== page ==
Novel Design in a New Study
Harrington, Reese-Melancon, & Bock’s Prospective Memory Study
In the earlier post on a specific study’s use of our platform, the novelty was in how the scientists used Sona as a measure. As in that post, here we’ll be looking at a single study we found particularly impressive: Sometimes They Show, Sometimes They Don’t. Appointment Attendance as a Naturalistic Prospective Memory Task. Unlike in the previous post, we’ll be focused on Sona’s use in a brilliant research design rather than Sona as a measure. One of the great challenges in many sciences is finding ways to empirically investigate what seem to be inherently unobservable phenomena. Often, the solution is particularly ingenious, creative research designs. Richard Tolman’s famous experiments on latent learning in rats are a good example. The study by Harrington, Reese-Melancon, & Bock continues in this tradition.

Instead of a study on latent learning that would eventually highlight the flaws in the behaviorist paradigm, Harrington et al.’s study concerns prospective memory (PM), which is (in their words) “memory for future events”. More specifically, their study is on one of the two types of PM.

Sona’s Timeslots as Time-Based Prospective Memory

Not surprisingly, Harrington et al. investigated the form of PM less studied of the two (and in many ways the more difficult to study). They note quite early on that, compared to event-based prospective memory (EBPM), time-based prospective memory (TBPM), or “remembering to perform an action at a particular time or after a specified amount of time has passed”, has received comparatively less attention. EBPM “is the remembering what one does when a certain target event occurs. For example, one remembers to buy milk when one passes by the supermarket.” Harrington et al.’s study concerns TBPM, the form of PM less examined and often harder to study.

It’s not difficult to imagine why empirical research on TBPM is rarer than EBPM. Studies can involve future events that, when they occur, are supposed to elicit some measurable response from participants. More complex designs can address events farther in the future (such as with diaries or multi-part studies). But having participants remember to perform some action at a particular future time, and provide valuable data about PM processes at that future time, is more complicated. Doable, but more complicated.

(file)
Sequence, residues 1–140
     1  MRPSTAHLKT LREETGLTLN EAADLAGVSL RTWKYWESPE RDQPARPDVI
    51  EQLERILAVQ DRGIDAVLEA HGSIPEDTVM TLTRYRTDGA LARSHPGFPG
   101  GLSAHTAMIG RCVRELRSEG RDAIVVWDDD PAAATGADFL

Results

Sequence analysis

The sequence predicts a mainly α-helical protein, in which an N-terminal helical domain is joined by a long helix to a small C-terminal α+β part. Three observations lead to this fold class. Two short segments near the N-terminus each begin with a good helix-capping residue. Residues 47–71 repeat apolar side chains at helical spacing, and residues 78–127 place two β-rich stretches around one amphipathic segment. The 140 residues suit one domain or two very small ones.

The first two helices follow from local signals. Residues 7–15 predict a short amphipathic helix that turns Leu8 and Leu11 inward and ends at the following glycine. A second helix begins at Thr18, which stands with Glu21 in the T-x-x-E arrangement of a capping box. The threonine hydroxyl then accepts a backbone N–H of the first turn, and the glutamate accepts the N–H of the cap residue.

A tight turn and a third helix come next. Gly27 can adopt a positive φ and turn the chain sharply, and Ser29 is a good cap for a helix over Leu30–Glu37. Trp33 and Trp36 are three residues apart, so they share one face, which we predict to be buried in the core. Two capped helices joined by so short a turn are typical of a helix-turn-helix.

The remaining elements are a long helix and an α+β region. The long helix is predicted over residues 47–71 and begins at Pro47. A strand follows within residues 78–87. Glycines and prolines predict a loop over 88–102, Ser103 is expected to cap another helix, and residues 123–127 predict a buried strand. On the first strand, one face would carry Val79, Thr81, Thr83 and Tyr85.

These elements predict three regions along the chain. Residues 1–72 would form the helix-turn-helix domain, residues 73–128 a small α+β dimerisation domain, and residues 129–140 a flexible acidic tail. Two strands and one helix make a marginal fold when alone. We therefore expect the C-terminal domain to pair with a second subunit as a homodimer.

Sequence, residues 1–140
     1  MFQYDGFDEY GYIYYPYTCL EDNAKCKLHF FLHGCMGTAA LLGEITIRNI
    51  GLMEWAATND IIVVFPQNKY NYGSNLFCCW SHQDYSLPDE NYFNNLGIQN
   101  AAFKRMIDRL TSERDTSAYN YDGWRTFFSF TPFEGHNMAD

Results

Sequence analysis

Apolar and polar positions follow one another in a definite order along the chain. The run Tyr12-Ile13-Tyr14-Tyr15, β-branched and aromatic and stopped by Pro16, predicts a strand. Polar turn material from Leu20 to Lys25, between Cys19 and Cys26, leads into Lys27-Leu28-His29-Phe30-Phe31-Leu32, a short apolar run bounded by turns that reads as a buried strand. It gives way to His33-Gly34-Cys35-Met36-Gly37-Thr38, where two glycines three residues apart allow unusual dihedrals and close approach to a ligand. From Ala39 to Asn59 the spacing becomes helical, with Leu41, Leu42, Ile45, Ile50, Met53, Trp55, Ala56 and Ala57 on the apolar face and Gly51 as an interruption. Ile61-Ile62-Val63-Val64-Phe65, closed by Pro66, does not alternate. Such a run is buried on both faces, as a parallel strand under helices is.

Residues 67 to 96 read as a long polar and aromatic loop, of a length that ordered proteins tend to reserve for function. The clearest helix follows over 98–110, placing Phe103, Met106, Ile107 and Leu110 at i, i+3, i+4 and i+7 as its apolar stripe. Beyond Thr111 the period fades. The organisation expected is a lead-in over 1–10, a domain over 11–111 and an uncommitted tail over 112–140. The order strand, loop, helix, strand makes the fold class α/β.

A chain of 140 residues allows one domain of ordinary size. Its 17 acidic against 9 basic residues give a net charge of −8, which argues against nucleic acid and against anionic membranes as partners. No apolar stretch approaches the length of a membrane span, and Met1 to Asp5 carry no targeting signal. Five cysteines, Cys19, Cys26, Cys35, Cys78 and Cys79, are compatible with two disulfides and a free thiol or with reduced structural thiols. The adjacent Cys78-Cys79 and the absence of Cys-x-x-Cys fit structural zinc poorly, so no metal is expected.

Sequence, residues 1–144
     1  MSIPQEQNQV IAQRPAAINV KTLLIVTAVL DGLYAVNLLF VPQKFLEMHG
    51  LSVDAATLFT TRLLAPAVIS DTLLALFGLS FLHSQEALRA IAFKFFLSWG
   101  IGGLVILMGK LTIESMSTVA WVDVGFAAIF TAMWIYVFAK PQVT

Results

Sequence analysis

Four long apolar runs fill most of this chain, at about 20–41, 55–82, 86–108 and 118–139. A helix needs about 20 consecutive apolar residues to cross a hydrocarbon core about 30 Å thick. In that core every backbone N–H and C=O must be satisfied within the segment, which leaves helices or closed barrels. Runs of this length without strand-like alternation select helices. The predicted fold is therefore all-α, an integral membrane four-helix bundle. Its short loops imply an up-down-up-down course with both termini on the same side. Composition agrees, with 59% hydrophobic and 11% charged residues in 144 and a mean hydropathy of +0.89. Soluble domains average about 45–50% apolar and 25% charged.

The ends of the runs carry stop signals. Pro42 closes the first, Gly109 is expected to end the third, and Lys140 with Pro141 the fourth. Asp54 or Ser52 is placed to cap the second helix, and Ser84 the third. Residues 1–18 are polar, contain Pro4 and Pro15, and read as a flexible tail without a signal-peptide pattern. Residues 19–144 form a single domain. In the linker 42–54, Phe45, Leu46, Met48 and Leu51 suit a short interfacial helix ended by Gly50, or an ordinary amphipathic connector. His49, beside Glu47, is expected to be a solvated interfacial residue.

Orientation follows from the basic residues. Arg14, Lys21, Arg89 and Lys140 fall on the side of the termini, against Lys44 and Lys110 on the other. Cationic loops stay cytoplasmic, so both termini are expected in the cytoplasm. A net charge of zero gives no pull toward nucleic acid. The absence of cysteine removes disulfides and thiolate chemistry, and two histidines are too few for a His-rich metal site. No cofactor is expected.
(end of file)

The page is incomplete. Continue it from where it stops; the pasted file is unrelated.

One nice thing about Sona (at least when it comes to TBPM research) is how participants use it to opt into a study and, more importantly, to select a date and time for the study they’re signing up for. Put differently, participants use Sona to schedule a very particular kind of appointment. Part of Harrington et al.’s genius was this realization and the implication: Sona involves time-based prospective memory (well, usually; online studies work differently in terms of scheduling timeslots, but you get the picture).

So far, so good. Timeslots are a kind of appointment that participants have to remember to keep. That certainly qualifies remembering to show up for one’s appointed timeslot a time-based prospective memory. But in order to address important metacognitive aspects of TPBM, Harrington et al. wished to not only examine those who kept their appointments, but those who didn’t.

Harrington et al. had participants complete a survey that, in addition to demographic information, contained two measures relating to prospective memory. One was the Prospective and Retrospective Memory Questionnaire (PRMQ), while the other consisted of questions relating directly to the appointment (i.e., the study) that participants signed up for. All participants signed up to take the survey at an appointed time and place (an in-person timeslot) via Sona. Those who showed up at the appointed time formed the “Show” group. How, though, does one ask the same questions of participants who aren’t there (because they didn’t show)? This is where things really get interesting.